Updates to our Terms of Use

We are updating our Terms of Use. Please carefully review the updated Terms before proceeding to our website.

Saturday, May 18, 2024 | Back issues
Courthouse News Service Courthouse News Service

‘Let Them Eat Loans’

MANHATTAN (CN) - Federal prosecutors claim that Ralph Esmerian, a fourth-generation jeweler, dealer and collector, got $217 million in loans through fraud and embezzlement, including double-pledging jewelry dating back to Marie Antoinette and ancient Greece and Rome. In a 20-page affidavit, U.S. Postal Inspector Eleanor Berry accuses Esmerian of bankruptcy fraud, wire fraud and concealing assets.

"Beginning in at least 2005, Esmerian, a fourth-generation dealer and collector of valuable jewelry, artwork, and other objects, perpetrated a large-scale fraud in connection with at least approximately $217 million in loans that he obtained from financial institutions and other sources," according to the affidavit.

It accuses Esmerian of borrowing $177 million from Merrill Lynch Mortgage Capital, in 2005 or 2006, "for the purpose of, among other things, financing his business operations and buying Fred Leighton LLC, a high-end jewelry retailer, and related entities."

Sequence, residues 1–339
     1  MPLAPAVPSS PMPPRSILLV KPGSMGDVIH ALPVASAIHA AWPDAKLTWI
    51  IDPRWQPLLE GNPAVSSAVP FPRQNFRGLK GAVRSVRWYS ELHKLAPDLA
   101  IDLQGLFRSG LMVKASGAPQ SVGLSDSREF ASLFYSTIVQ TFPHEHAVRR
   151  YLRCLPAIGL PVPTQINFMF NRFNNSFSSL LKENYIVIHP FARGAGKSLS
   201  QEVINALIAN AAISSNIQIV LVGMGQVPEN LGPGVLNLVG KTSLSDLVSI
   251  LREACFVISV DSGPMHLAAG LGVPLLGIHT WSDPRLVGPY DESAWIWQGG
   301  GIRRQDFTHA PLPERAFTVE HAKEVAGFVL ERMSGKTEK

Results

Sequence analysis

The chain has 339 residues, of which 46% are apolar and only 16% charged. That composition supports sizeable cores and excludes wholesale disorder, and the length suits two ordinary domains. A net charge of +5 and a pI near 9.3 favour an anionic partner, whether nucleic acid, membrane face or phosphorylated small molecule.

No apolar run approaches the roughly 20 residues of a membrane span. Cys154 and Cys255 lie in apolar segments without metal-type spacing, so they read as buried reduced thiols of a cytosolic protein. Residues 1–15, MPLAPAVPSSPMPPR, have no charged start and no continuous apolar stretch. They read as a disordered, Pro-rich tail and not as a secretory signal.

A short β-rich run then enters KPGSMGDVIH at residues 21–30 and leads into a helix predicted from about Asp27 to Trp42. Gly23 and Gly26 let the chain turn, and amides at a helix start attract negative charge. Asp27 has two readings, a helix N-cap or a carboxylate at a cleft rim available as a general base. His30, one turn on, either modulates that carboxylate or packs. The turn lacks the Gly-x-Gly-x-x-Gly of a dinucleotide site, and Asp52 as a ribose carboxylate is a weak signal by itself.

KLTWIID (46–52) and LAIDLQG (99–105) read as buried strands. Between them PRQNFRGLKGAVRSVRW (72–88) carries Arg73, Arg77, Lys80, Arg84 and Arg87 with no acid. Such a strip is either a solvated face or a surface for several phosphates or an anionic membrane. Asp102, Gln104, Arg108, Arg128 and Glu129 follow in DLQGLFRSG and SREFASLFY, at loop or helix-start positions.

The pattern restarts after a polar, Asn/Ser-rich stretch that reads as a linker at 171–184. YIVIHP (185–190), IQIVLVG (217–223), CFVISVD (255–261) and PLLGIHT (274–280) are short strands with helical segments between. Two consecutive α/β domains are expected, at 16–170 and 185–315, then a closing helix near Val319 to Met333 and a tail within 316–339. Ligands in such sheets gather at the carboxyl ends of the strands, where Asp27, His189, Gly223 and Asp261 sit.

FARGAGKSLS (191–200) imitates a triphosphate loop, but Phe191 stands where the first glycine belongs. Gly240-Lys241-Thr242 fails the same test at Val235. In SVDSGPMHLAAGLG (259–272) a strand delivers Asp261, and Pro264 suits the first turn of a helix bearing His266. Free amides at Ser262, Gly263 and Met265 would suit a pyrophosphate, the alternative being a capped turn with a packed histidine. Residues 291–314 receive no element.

The affidavit continues: "Almost immediately after borrowing funds from Merrill Lynch, Esmerian began to sell collateral pledged to Merrill Lynch without notice to Merrill Lunch, and to double-pledge that collateral to obtain other loans, including a $40 million loan from Acorn Capital Group LLC."

And, it says, after Esmerian had Fred Leighton and related entities file for bankruptcy protection on April 15, 2008, he "repeatedly and systematically embezzled property belonging to Fred Leighton and other debtor entities, sold it, and converted the proceeds to his own use."

Esmerian is accused of concealing $40 million in company money, lying under oath about money he made on jewelry sales during bankruptcy, and transferring assets to Switzerland and elsewhere.

Six of the jewels that Esmerian allegedly embezzled and sold include the Duchess of Newcastle Diamond Brooch, a gilded album commissioned by Marie Antoinette, one lot of Greco-Roman gold jewelry, and a collection of antique Islamic rings and gems. Each of these items was valued at $1.5 million, the complaint states.

"In total, Esmerian stole or double-pledged at least approximately $40 million in property," according to the complaint.

Berry concludes her deposition by asking that Esmerian be "imprisoned or bailed, as the case may be."

Categories / Uncategorized

Subscribe to Closing Arguments

Sign up for new weekly newsletter Closing Arguments to get the latest about ongoing trials, major litigation and hot cases and rulings in courthouses around the U.S. and the world.